Types of Electric Guitars: A Guide for Beginners
Different Kinds of Electric Guitars
Guitars come in many varieties, each with a unique set of attributes. That’s one of the great things about being a guitar player. Unlike many instruments, changing your entire sound is as easy as putting down one guitar and picking up another.
That’s also why it is reasonable for a player to own many types of electric guitars. Each is meant for a certain style or vibe, and having a deep palette to work with gives a musician more choices when it comes to perfectly nailing a certain tone.
If you are a seasoned pro you already know what each style of guitar can do for you and your sound. You probably have one or two instruments you look to when you want to grab that perfect tone you imagine in your head. In fact, you probably own many guitars, each with a specific purpose in mind.
But if you are somewhat of a beginner you may not fully understand the different kinds of guitars, how they are made and how they sound. Different styles each have a unique vibe. Understanding this will get you a step closer to achieving that signature sound all your own, or copping the tones of your favorite guitarists.
In this article we’ll look at the most common styles of electric guitars, complete with examples of each. By the time we’re done you’ll have a firm idea of which is best for you, and which work well in which styles of music. You might even learn a little history if you aren’t careful!
Note: If you are still a little confused when it comes to your understanding of guitar specs you may wish read up on basic terminology and definitions.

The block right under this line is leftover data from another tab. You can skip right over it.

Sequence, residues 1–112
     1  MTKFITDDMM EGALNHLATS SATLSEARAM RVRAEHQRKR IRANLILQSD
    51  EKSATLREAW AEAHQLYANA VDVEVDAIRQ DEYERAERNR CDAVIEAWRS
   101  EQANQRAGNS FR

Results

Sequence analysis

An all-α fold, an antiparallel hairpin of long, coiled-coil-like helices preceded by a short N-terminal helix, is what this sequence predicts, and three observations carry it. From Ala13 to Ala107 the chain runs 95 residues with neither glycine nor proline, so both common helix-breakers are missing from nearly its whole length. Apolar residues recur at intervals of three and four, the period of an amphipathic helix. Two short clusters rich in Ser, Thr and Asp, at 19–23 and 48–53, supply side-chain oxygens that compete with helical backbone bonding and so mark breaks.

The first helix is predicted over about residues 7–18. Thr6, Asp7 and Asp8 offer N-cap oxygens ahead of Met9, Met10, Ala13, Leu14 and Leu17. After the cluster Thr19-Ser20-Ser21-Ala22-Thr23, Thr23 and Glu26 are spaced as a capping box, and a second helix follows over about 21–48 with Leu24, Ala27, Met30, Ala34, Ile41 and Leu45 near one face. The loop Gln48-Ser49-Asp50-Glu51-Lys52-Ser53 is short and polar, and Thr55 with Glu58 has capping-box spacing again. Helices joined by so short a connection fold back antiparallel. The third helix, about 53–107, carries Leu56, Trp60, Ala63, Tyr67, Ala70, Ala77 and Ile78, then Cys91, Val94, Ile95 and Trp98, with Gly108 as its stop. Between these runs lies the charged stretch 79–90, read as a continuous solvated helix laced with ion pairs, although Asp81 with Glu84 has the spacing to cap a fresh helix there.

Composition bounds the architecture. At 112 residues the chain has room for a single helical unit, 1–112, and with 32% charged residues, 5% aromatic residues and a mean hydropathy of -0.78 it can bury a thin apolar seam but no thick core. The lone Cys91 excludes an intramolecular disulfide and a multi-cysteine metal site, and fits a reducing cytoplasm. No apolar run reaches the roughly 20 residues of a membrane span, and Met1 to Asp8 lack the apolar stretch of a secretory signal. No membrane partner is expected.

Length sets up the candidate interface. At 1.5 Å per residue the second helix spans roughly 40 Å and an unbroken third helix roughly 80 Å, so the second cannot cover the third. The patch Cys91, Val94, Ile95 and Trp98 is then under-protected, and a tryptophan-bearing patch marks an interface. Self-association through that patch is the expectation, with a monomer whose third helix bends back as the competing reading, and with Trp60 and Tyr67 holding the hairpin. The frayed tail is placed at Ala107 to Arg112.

Solid-body electric guitars are the most common style on the market today. The first widely-available solid-body electric was the Fender Broadcaster, which later evolved into the Telecaster. It was super simple compared to other electrified instruments that came before it, and the basic design premise continues on in every solid-body instrument to this day.
Solid-body guitars are made from a flat piece of wood called a blank that’s precision cut to the desired shape of the guitar body. In more expensive instruments this can be one piece of wood, but many instruments are cut from body blanks made from two or more pieces of the same wood species glued together.
From there the manufacturer makes a series of choices that determine the overall design. While there are countless different ways to build a solid-body guitar, for the sake of illustration we can group instruments into a few basic categories.
The descriptions that follow are very broad, but if you look around the guitar world you can usually pin any solid-body guitar down to one of these general categories. Of course you’ll see wild shapes like the Gibson Flying V, Ibanez Destroyer, Dean ML and Jackson Rhoads. They may look like they’re from another planet, but if you check their specs you’ll see they follow the same basic design principles as any other solid-body electric guitar.
Fender instruments like the Stratocaster and Telecaster feature bolt-on necks and brighter tonewoods such as alder for the body and maple for the neck. They are easy to work on, and an owner with even a small degree of technical knowledge can fit replacement parts without professional assistance. Fender guitars are built to a 25.5-inch scale length, which lends to their brighter, more percussive tone. You’re more likely to see tremolo systems on this type of guitar, and hot-rodded guitars known as superstrats fall into this category.
Gibson guitars have a shorter 24.75-inch scale length, giving them a looser feel and a somewhat warmer tone. They feature resonant tonewoods, typically mahogany for the body and neck. The neck is set in place and glued instead of bolted. Les Paul-style instruments have carved tops made from another tonewood such as maple, but other instruments such as the SG have flat tops like the Strat. If something goes wrong with this kind of guitar you may be able to repair it yourself, but issues like broken necks and headstocks require work done by a professional luthier.